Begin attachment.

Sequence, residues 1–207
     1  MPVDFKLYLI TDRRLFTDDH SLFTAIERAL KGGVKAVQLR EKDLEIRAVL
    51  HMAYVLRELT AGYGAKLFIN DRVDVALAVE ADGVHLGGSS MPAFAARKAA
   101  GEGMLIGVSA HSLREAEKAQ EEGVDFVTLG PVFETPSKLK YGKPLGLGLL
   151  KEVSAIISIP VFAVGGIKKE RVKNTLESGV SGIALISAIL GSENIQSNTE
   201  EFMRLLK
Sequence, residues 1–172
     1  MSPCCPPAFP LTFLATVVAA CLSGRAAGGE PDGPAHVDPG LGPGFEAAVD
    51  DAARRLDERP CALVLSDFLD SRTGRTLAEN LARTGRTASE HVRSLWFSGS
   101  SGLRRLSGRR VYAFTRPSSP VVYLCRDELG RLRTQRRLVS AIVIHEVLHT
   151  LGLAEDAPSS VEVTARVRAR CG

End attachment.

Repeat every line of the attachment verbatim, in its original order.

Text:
Sequence, residues 1–207
     1  MPVDFKLYLI TDRRLFTDDH SLFTAIERAL KGGVKAVQLR EKDLEIRAVL
    51  HMAYVLRELT AGYGAKLFIN DRVDVALAVE ADGVHLGGSS MPAFAARKAA
   101  GEGMLIGVSA HSLREAEKAQ EEGVDFVTLG PVFETPSKLK YGKPLGLGLL
   151  KEVSAIISIP VFAVGGIKKE RVKNTLESGV SGIALISAIL GSENIQSNTE
   201  EFMRLLK
Sequence, residues 1–172
     1  MSPCCPPAFP LTFLATVVAA CLSGRAAGGE PDGPAHVDPG LGPGFEAAVD
    51  DAARRLDERP CALVLSDFLD SRTGRTLAEN LARTGRTASE HVRSLWFSGS
   101  SGLRRLSGRR VYAFTRPSSP VVYLCRDELG RLRTQRRLVS AIVIHEVLHT
   151  LGLAEDAPSS VEVTARVRAR CG